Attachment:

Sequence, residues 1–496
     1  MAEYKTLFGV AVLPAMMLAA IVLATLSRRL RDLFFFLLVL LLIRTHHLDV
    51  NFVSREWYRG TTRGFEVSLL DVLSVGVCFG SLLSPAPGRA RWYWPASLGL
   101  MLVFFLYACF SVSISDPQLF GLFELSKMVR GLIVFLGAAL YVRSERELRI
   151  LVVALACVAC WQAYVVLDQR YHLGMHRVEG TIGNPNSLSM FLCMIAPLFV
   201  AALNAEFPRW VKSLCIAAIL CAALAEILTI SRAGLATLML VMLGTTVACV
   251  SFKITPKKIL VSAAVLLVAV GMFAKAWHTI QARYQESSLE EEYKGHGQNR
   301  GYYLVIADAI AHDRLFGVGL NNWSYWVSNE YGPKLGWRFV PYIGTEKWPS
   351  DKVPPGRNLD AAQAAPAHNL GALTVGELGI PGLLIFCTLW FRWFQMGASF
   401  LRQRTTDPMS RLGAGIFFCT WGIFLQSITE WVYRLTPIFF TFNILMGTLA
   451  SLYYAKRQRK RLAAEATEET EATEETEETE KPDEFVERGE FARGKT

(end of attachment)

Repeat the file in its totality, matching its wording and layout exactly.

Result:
Sequence, residues 1–496
     1  MAEYKTLFGV AVLPAMMLAA IVLATLSRRL RDLFFFLLVL LLIRTHHLDV
    51  NFVSREWYRG TTRGFEVSLL DVLSVGVCFG SLLSPAPGRA RWYWPASLGL
   101  MLVFFLYACF SVSISDPQLF GLFELSKMVR GLIVFLGAAL YVRSERELRI
   151  LVVALACVAC WQAYVVLDQR YHLGMHRVEG TIGNPNSLSM FLCMIAPLFV
   201  AALNAEFPRW VKSLCIAAIL CAALAEILTI SRAGLATLML VMLGTTVACV
   251  SFKITPKKIL VSAAVLLVAV GMFAKAWHTI QARYQESSLE EEYKGHGQNR
   301  GYYLVIADAI AHDRLFGVGL NNWSYWVSNE YGPKLGWRFV PYIGTEKWPS
   351  DKVPPGRNLD AAQAAPAHNL GALTVGELGI PGLLIFCTLW FRWFQMGASF
   401  LRQRTTDPMS RLGAGIFFCT WGIFLQSITE WVYRLTPIFF TFNILMGTLA
   451  SLYYAKRQRK RLAAEATEET EATEETEETE KPDEFVERGE FARGKT